On March 18, 2018, a Pilates instructor in Philadelphia hailed a ride via the Uber app. During the ride, the Uber driver ran a red light and hit another vehicle. The Pilates instructor was injured as a result.
A few months later, on November 27, 2018, that Pilates instructor sued Uber for damages she incurred in the car accident.
"But you agreed not to sue us." —Uber
About five months later, citing to its standard terms and conditions, Uber responded to the suit by filing a motion to compel arbitration. Uber's argument was that...
- When the Pilates instructor registered for the Uber app in 2013, she would have agreed to Uber's terms and conditions;
- And Uber's terms and conditions contain a mandatory arbitration clause;
- And that mandatory arbitration clause provides that users of the Uber agree not to sue Uber, and to, instead, arbitrate any claims arising from a user's use of the Uber app.
In support of that argument, Uber put forward an Uber software engineer, to state what the user registration process would have entailed in 2013, and an Uber paralegal, to state what the terms and conditions contained in 2013.
The key fact Uber wished to prove by the paralegal's statement was that, when the Pilates instructor registered for the Uber app in 2013, Uber's terms and conditions contained an arbitration in agreement. The key fact Uber wished to prove by the software engineer's statement was that, by registering for the Uber app--which would have entailed entering in certain information and clicking certain buttons on a series of mobile app screens--the Pilates instructor agreed to those terms and conditions, which included the arbitration agreement (i.e. an agreement to arbitrate claims rather than suing Uber).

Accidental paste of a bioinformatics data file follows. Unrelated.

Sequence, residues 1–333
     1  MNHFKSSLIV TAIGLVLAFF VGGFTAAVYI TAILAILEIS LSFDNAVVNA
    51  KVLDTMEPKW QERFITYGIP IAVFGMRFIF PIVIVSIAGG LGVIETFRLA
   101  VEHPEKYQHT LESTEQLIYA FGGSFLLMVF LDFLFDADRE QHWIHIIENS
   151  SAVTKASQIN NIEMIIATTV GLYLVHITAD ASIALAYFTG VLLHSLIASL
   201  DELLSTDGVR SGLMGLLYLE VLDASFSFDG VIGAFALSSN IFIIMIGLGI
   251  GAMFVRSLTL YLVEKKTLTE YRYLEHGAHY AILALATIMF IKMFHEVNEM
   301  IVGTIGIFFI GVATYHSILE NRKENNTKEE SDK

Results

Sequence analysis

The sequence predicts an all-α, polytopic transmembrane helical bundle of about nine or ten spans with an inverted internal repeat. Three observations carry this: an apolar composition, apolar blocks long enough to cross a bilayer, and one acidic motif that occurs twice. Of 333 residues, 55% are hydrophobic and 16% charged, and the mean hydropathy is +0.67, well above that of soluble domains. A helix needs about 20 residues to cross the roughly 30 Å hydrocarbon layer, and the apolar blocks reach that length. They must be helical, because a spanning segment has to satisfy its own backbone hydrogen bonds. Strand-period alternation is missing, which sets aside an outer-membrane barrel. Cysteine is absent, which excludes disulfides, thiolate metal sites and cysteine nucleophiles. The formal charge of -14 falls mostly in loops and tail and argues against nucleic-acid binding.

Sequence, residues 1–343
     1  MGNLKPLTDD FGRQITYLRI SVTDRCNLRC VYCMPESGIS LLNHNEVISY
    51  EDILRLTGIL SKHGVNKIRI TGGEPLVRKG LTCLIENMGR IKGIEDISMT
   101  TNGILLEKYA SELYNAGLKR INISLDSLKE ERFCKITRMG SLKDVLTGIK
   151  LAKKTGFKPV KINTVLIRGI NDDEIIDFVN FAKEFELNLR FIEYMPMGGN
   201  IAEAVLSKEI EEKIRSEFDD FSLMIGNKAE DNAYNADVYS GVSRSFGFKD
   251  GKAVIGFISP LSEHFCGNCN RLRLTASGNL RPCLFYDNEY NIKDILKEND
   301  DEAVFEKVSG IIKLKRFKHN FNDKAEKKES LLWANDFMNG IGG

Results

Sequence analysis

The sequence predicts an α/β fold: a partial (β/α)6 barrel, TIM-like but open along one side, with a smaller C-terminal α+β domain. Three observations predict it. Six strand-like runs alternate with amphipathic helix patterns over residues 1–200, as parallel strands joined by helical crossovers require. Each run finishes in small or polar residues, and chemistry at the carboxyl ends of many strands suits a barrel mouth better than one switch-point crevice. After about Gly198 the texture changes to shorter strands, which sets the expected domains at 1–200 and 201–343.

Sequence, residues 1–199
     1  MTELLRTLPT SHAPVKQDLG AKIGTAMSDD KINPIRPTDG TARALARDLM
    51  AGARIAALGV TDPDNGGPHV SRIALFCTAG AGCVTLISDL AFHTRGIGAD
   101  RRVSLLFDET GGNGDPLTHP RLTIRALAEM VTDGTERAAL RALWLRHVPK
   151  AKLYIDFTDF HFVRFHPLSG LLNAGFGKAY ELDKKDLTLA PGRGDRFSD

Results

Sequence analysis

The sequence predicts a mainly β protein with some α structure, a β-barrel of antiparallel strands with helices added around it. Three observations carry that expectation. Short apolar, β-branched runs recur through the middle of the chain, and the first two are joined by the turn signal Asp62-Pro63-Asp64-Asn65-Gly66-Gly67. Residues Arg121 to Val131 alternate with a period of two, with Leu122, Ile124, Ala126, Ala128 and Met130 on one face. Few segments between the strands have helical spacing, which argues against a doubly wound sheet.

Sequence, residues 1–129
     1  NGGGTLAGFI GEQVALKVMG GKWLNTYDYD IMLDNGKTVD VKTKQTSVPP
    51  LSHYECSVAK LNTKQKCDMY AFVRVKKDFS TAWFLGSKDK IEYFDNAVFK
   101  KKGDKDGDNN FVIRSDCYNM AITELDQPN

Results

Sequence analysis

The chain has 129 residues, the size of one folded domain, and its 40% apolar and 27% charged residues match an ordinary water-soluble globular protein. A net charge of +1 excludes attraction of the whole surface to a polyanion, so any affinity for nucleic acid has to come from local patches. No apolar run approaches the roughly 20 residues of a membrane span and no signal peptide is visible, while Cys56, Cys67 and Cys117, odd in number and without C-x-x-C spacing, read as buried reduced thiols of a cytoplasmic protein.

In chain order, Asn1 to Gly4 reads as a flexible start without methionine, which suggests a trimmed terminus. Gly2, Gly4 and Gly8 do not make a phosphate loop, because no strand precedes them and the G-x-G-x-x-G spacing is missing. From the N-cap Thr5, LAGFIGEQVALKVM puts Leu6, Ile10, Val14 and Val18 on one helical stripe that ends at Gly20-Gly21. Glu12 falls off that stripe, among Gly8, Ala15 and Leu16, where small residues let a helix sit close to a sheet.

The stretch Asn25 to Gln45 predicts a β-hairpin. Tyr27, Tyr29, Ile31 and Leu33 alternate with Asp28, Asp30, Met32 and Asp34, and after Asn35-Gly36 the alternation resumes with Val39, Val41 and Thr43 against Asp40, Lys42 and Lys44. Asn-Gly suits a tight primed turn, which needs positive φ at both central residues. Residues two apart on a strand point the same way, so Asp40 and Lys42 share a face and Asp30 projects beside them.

Did the Pilates instructor in fact agree to arbitrate? Let's look at the evidence Uber presented.
Uber's user registration workflow
In his affidavit, Uber's software engineer stated that Uber's user registration workflow consisted of three mobile app screens (each of which is pictured below): the "CREATE AN ACCOUNT" screen, followed by the "CREATE A PROFILE" screen, followed by the "LINK CARD" screen.
Uber's software engineer stated that once a user entered her credit card information into the empty form fields on the "LINK CARD" screen, a "DONE" button would appear in the upper right corner of the screen (you can see that "DONE" button in the image of that screen shown above). According to his affidavit, clicking the "DONE" button completed Uber's user registration workflow.
Finally, wishing to drive home the main point Uber wished to prove by this software engineer's statement, he concluded his affidavit by saying that the Pilates instructor "would not have been able to register for the Uber app in October 2013 without going through this process."
But what if a registering user never clicks to open and view the linked terms and conditions?
This turned out to be the key issue the court considered in the case...